• Ask a local city or school/university librarian to help you find existing oral history databases that you can skim to get an idea of different structures and formats that you might like to use.

  • Reach out to existing local LGBTQ oral history projects to see if they would be interested in adding asexual narratives to their scope (especially if you can volunteer to conduct the interviews!)

  • Reach out to any other local oral history projects and see if they have anyone who would be willing to chat with you and give advice on how to start a project  - maybe see if you can buy them dinner or lunch while you chat as a thank you.

Find a Niche

While “all of ace history” may be something a lot of us would love to see, a project with a scope that’s too broad is also more likely to lead to burnout. Instead, consider finding a specific niche interest for your project that will allow you to start small and keep things manageable. (After all, you can always expand your scope later). Some possible approaches for this could include:

  • A single person’s asexual life story 

  • A single event (like a pride parade or ace conference) and interviewing attendees and planners about their involvement with that specific event

  • Participants from a specific regional area (like a city or state/province)

  • Members of a specific group or organization (like a local meetup, specific activist group, a specific social media page, etc.)

  • Participants from a specific demographic (biromantic aces, or aces of color, or aces over 40, or male aces, etc.)

Determine Your Scope

Once you have a topic in mind, you may want to think about what you want your scope to be. Do you want to be ambitious and create a formal, expansive Oral History collection with transcripts that can be used for future academic research? Or do you just want to wet your toes by interviewing an ace friend and posting it as a youtube blog or blog post? Here’s a couple other things to think about:

  • Do you want to do an open ended project with ongoing additions, or do you want to have a firm end date with a limited number of interviews (maybe even just one)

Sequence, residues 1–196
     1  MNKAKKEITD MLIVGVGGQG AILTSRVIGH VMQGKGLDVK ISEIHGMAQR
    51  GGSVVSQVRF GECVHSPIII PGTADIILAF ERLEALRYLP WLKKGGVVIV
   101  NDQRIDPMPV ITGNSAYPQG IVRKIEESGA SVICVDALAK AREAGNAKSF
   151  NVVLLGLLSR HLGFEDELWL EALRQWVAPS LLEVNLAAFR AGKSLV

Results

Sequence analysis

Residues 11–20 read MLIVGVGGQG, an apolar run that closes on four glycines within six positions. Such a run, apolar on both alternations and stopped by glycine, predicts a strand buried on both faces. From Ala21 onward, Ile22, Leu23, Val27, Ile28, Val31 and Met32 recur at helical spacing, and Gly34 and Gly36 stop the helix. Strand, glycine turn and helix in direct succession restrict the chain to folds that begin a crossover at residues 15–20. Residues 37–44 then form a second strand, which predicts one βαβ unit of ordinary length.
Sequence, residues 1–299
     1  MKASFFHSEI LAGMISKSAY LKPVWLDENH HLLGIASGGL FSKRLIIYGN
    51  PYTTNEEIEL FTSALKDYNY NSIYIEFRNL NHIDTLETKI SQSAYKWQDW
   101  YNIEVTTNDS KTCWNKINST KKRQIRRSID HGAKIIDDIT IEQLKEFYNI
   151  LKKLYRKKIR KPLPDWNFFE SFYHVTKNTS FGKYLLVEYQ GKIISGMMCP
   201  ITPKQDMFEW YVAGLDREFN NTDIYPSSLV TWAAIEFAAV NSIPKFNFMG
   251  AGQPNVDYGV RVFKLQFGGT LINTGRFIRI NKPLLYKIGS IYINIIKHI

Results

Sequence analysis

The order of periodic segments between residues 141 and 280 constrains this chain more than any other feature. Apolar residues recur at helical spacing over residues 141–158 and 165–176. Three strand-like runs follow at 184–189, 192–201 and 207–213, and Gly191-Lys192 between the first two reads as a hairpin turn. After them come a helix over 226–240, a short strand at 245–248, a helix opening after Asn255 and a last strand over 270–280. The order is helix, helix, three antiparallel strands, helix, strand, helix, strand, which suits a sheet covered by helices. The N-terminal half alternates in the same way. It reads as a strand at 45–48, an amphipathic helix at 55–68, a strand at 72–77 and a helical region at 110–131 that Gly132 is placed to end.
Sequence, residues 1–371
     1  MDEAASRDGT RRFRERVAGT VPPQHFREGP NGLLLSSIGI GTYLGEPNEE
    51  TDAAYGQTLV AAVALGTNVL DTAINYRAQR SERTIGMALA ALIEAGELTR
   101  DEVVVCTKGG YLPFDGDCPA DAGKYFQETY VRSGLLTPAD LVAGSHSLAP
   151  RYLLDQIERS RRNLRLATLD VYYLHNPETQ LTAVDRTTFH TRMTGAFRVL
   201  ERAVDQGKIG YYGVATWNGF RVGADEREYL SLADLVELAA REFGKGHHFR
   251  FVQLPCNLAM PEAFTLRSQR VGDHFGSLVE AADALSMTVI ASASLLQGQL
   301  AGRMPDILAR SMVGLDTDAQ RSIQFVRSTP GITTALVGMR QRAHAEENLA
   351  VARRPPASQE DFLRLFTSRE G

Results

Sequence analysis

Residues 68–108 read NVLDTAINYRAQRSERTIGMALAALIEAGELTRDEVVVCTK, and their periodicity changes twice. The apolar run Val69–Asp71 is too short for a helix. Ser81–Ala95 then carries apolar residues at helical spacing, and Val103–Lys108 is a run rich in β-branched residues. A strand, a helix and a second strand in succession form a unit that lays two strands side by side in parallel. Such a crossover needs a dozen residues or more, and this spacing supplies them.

• Do you want to work with other volunteers on a larger project, or keep it to the size of something you can accomplish on your own?

  • Do you want to make a formal resource that can be used by future academics, or a more casual resource for fellow friends or community members?

Prep Your Materials

For more detailed guides to how to get started with oral history, I suggest reading the much more in-depth guides from actual oral history experts in the resources section below. However, in the meantime, here’s a few key planning items to begin thinking about

  • Find a release form template that you can adapt to your needs to make sure that you can get a record of what level of publicity your interviewees do or do not consent to

  • Do some initial background research to get familiar with the topic enough to ask insightful questions. Is there anyone else working on history of this topic whose writing you can check out, or collaborate with?

  • Prepare a set of initial questions that you want to focus on 

  • Prepare a shortlist of potential interview candidates you might want to speak to

  • Think about what equipment or software you might need. Are you interviewing in person, or online? Do you want just audio, or video? Can you record with more than one device as a failsafe? Do a few test interviews with a friend to make sure your technical setup works well. 

Resources and Further Reading